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14th April 2020 Foundation

Graeme Fowler on becoming Durham Cricket Foundation’s Mental Health Ambassador

Graeme Fowler is hopeful Durham’s charitable arm, Durham Cricket Foundation, can spearhead an initiative to raise awareness of mental health across the North East and the game of cricket itself.

Fowler has battled depression and anxiety for over a decade, but has found a comfort in speaking about his issues – notably in the release of two books produced in the past five years.

The former England batsman now serves as Mental Health Ambassador for the Foundation, and he with the aid of the charity are in position – once the appropriate social restrictions in place due the COVID-19 pandemic are lifted –  to deliver a workshop to inform and support men and women in cricket clubs across the region about the key issues surrounding mental health.

The workshops, lasting a few hours, are based on a survey developed by Fowler and renowned mental health expert Dave Belshaw, followed with a question and answer session with Fowler himself.

He believes that the Foundation can provide the platform for the programme to take off across the game.

“I spoke at a Foundation event last year about my problems with depression and anxiety,” he said.

“It was well received, and also at the time I was also mentoring some of the players. I sat down with one or two players and from that point onwards it snowballed.

“I’ve already delivered a mental health workshop for the players. We did it as a trial run to see if it would work in the community, and once again it went down excellently.

“Our plan is to go out to local cricket clubs and deliver mental health awareness sessions. I’ll also be travelling to other functions put on by the Foundation to talk to people.

“It’s going to be quite a large workload if we’re going out to all the cricket clubs, but it will be very rewarding. At Durham I think we’re ahead of other counties in our approach.

“We know our scheme, we know that it works. We have everything that we need in order to get it going.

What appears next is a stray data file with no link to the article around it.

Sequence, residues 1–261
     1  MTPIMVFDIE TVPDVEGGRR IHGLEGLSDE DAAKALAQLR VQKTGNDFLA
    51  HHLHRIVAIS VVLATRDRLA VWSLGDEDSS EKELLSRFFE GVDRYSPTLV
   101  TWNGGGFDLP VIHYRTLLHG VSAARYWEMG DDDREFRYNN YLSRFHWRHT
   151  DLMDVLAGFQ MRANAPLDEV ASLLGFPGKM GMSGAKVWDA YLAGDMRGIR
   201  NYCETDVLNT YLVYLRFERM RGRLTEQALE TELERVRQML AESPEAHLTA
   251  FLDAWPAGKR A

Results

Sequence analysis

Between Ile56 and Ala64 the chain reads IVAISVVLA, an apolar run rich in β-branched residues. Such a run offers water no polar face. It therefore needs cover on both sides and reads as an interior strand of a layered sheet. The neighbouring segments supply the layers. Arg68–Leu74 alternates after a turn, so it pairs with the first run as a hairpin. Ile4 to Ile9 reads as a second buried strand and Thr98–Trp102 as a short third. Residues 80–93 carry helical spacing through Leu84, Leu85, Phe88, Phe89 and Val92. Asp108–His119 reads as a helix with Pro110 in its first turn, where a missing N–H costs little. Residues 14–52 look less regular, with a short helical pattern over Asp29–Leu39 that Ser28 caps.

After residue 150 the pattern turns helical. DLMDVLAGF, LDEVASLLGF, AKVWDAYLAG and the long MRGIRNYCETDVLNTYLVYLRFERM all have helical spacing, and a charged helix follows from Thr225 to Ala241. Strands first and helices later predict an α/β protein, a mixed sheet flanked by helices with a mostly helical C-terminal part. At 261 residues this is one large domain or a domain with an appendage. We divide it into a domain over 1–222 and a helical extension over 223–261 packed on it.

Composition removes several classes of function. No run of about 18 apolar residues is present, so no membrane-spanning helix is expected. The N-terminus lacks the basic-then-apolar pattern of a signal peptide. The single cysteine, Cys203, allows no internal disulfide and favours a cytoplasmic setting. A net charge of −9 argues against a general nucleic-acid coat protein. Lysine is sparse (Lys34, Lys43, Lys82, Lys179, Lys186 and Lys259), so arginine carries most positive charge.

“The idea is to phase out the delivery, initially with around ten clubs and then see how it is received.

“Phase two includes following up with MHF Mental Health First Aid courses and further sessions for individuals from different clubs to become Mental Health Champions, whom we will continue to support in the delivery of the programme so it expands exponentially.

“We’re starting with cricket because that’s who we are, but there’s no reason why the workshops cannot be delivered outside of that realm, such schools and workplaces and other areas of life.”

Fowler has admitted that initially speaking about his mental health was a challenge and remains so to this day.

However, after receiving positive feedback from strangers on the street as well as social media, he was determined to engage further in the subject and to help eradicate the stigma surrounding depression and anxiety.

“I started tweeting about my mental health and how I was feeling,” Fowler added.

“I got lots of feedback replying that they were happy that I was talking about it – these issues need to be discussed more often. I then wrote two books over a period of five years discussing my career and my issues with mental health – the second being with Mike Brearley, who is a psychologist.

“After I’d written ‘Absolutely Foxed’ people on separate occasions came up to me and thanked me for writing the book, and said that I hadn’t they wouldn’t be here. It gives you a responsibility and once you’ve got that you cannot stop, and I don’t intend to.

“It’s not always easy talking about mental health issues, but it’s necessary and it helps other people. We’re all in this together, never more so than at the present moment. We need to share and we need to look out for each other. It’s quite simple, but effective.”

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